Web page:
> Your discussion is way above my head in the jargon and background knowledge.
> Please bear with me while a non-mathematician tries to express some 
> observations that regard symmetry.
>
> Two almost symmetrical spaces appear as Gestalts, expressed by numbers, if 
> one orders and reorders the expression a+b=c. One uses natural numbers – in 
> the range of 1..16 – to create a demo collection, which one then sorts and 
> re-sorts ad libitum / ad nauseam. The setup of the whole exercise does not 
> take longer than 1, max 2 hours. Then one can observe patterns.
>
> The patterns here specifically referred to are two – almost – symmetrical 
> rectangular, orthogonal spaces. As these patterns are derived from simple 
> sorting operations on natural numbers, one can well argue that they represent 
> fundamental pictures.
>
> The generating algorithm is 5 lines of code. Here it is.
>
> #d=16
>
> begin outer loop, i:1,d
> begin inner loop, j:i,d
> append new record
> write
>  a=i, b=j, c=a+b, k=b-2a, u=b-a, t=2b-3a,
> q=a-2b, s=(d+1)-(a+b), w=2a-3b
> end inner loop
> end outer loop
>

> The next step is to sequence (sort, order) the rows. We use 2 sorting 
> criteria: as first, any one of {a,b,c,k,u,t,q,s,w}, and as 2nd sorting 
> criterium any of the remaining 8. This makes each of the 9 aspects of a+b=c 
> to be once a first, and once a second sorting key. We register the linear 
> sequential number of each element in a column for each of the 72 catalogued 
> sorting orders..
>
> Do you think the idea of symmetry is somehow connected to some very basic 
> truths of logic? Then maybe the small effort to create a database with 136 
> rows and 9+72 columns is possible.
>
> The trick begins with the next step:
>
> We go through the 72 sorting orders and re-sort from each of them into all 
> and each of the remaining 71. We register the sequential place of the element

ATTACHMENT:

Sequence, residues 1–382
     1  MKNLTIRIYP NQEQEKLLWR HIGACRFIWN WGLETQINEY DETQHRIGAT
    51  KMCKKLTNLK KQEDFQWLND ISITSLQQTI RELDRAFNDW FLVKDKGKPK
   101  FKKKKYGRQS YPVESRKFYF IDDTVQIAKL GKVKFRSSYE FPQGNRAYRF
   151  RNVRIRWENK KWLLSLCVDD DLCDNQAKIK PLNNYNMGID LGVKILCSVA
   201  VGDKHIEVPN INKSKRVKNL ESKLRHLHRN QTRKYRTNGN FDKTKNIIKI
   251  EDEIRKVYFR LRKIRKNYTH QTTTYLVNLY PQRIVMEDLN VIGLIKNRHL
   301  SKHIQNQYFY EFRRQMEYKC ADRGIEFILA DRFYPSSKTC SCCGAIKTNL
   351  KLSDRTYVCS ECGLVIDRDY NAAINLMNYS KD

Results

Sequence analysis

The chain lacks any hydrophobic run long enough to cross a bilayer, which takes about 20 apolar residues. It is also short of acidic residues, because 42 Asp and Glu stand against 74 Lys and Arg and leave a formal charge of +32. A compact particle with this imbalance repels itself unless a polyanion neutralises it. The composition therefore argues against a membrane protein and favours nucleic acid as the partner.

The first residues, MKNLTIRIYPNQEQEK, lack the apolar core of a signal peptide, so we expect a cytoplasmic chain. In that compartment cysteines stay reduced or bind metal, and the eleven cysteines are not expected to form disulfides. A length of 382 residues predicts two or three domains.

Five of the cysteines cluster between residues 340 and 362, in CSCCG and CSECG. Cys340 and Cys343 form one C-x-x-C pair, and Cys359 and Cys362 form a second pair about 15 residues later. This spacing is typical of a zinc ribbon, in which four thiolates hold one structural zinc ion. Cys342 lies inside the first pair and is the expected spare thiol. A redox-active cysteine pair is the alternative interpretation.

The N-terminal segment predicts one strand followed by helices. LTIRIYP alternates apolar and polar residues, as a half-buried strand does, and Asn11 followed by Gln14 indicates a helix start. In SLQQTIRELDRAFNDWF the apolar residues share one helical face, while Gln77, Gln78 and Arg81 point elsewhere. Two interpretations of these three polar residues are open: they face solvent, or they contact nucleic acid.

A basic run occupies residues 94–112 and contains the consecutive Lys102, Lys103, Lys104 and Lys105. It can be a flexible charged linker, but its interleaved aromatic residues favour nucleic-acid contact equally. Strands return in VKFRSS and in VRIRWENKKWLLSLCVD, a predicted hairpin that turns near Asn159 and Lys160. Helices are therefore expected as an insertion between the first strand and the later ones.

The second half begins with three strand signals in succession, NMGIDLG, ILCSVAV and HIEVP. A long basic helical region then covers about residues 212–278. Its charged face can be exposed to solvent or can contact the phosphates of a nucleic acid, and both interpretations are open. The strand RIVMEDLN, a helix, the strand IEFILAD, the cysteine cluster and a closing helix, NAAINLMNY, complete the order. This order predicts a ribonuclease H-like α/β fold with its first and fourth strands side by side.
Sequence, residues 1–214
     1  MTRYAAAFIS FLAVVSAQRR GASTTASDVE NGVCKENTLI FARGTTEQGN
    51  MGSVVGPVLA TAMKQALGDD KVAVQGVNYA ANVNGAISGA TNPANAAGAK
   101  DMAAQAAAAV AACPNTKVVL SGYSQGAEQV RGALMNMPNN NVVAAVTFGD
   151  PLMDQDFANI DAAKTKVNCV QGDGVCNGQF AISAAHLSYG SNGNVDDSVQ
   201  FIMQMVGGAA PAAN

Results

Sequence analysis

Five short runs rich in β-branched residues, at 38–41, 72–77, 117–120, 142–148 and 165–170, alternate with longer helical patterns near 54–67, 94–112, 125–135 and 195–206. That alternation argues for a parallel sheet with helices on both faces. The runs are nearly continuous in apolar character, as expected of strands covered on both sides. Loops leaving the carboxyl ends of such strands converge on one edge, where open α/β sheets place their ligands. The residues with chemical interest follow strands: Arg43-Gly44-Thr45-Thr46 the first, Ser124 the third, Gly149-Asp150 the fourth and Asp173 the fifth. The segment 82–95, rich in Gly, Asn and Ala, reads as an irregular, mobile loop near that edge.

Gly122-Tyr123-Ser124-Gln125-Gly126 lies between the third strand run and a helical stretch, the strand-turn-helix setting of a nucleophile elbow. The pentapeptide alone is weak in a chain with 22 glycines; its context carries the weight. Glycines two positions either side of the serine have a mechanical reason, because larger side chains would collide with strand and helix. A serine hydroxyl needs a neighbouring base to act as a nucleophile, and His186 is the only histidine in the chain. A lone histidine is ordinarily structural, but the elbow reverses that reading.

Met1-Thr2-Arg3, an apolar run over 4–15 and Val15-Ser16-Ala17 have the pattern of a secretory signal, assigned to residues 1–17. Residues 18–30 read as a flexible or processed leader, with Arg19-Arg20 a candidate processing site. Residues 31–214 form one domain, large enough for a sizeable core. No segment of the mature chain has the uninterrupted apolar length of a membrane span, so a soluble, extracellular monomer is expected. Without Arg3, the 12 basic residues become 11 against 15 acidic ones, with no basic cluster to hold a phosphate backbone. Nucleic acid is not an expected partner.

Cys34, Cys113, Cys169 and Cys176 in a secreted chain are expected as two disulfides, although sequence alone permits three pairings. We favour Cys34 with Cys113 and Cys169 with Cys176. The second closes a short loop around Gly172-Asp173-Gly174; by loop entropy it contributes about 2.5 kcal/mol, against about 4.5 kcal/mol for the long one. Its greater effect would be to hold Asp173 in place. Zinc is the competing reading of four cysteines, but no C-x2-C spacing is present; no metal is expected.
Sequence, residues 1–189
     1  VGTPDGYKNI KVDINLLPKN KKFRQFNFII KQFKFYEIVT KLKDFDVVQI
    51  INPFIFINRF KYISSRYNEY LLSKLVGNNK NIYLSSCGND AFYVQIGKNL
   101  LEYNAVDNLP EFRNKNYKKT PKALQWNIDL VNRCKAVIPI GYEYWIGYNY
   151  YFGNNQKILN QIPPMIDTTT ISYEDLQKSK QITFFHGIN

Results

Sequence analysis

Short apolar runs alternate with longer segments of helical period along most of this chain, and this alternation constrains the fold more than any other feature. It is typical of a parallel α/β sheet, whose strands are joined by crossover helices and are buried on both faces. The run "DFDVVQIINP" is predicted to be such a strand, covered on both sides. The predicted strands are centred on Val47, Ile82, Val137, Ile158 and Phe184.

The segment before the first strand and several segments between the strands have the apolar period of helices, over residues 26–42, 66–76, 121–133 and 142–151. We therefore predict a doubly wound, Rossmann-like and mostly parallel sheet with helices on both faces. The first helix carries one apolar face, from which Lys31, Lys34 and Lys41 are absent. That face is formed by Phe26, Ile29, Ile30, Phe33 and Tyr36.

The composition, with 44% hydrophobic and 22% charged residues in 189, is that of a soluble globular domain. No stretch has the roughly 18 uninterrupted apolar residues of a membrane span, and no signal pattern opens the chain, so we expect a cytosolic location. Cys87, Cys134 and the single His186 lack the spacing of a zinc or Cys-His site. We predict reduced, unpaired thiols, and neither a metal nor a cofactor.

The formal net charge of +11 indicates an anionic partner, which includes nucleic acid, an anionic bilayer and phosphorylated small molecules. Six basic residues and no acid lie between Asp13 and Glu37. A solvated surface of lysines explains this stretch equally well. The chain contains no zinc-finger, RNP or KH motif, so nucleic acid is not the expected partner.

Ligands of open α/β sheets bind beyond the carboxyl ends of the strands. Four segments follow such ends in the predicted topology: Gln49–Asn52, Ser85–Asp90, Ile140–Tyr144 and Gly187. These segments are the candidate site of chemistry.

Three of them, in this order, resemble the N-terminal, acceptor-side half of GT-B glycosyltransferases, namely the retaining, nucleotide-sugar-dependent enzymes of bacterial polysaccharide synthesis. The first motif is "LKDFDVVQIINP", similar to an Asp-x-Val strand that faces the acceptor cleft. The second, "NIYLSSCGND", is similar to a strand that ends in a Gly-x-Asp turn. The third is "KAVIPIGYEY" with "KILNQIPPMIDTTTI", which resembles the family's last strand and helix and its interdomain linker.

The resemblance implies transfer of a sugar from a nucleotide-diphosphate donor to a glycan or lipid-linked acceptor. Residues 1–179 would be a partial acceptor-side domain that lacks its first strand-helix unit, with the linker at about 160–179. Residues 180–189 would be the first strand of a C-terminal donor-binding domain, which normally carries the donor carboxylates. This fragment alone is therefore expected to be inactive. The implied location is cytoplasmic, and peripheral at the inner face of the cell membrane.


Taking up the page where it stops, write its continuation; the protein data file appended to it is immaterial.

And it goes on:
> in the order αβ while being resorted into order γδ. This gives each element a 
> value (a linear place, 1..136) “from” and a value “to”. The element is given 
> the attributes: Element: a,b, “Old Order”: αβ, from place nr i, “New Order” 
> γδ, to place nr. j. While doing this, one will realise, that reorganisations 
> happen by means of cycles, and will add attributes :
> Cycle nr: k, Within cycle step nr:. l. This is simple counting and using 
> logical flags.
>
> The cycles, that we have now arrived at, give a very useful skeleton for any 
> and all theories about order. You will find the two Euclid-type spaces by 
> filtering out those reorganisations that consist of 46 cycles, of which 45 
> have 3 elements in their corpus, where each of the 45 cycles has Σa=18, Σb=33.
>
> The two rectangular spaces – created by paths of elements during resorting – 
> are not quite symmetrical. As an outsider, I’d believe that there is 
> something to awake the natural curiosity of mathematicians.
>
> Hoping to have caught your interest.
>
> Karl
>

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Re: [Fis] Are there 3 kinds of motions in physics and biology?

2018-05-07 Thread Karl Javorszky
Dear Michel and Sung,



Your discussion is way above my head in the jargon and background
knowledge. Please bear with me while a non-mathematician tries to express
some observations that regard symmetry.



Two almost symmetrical spaces appear as Gestalts, expressed by numbers, if
one orders and reorders the expression *a+b=c. *One uses natural numbers –
in the range of 1..16 – to create a demo collection, which one then sorts
and re-sorts ad libitum / ad nauseam. The setup of the whole exercise does